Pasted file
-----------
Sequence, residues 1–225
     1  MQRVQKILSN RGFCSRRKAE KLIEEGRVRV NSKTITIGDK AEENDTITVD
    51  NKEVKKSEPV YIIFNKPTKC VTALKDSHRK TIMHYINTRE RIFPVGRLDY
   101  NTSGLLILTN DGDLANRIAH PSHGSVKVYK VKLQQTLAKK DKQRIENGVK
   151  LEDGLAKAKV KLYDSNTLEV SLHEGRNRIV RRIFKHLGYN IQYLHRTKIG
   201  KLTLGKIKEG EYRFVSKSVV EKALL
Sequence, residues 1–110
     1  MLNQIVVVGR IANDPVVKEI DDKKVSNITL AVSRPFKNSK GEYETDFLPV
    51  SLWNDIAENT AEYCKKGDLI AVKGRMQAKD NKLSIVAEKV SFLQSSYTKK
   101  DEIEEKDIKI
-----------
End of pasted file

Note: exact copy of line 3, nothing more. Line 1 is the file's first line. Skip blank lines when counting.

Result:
    51  NKEVKKSEPV YIIFNKPTKC VTALKDSHRK TIMHYINTRE RIFPVGRLDY